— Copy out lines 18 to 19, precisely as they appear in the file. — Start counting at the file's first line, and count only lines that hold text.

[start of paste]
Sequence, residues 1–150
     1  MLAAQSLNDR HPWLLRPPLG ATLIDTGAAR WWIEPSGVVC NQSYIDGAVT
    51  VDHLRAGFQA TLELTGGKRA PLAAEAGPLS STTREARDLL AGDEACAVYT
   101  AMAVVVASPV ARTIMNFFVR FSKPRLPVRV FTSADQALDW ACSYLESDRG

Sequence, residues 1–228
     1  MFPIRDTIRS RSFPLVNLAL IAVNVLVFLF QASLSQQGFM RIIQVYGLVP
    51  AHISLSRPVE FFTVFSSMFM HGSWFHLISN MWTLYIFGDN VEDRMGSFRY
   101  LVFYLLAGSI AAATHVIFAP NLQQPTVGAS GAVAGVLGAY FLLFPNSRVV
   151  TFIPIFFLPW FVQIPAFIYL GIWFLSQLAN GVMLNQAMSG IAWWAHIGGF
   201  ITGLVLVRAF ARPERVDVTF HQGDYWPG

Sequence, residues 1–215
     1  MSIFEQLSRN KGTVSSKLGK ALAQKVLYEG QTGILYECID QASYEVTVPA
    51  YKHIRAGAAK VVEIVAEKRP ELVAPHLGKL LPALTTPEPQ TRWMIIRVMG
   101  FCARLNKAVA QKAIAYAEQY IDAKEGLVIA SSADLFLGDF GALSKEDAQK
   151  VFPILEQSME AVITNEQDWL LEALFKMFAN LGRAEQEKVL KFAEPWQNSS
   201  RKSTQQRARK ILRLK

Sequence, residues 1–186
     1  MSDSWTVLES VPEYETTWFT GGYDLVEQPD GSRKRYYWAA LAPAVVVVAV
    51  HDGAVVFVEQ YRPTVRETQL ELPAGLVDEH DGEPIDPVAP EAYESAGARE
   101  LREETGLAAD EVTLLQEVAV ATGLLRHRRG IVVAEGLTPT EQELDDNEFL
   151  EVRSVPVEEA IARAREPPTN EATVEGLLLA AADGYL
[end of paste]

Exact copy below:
     1  MSDSWTVLES VPEYETTWFT GGYDLVEQPD GSRKRYYWAA LAPAVVVVAV
    51  HDGAVVFVEQ YRPTVRETQL ELPAGLVDEH DGEPIDPVAP EAYESAGARE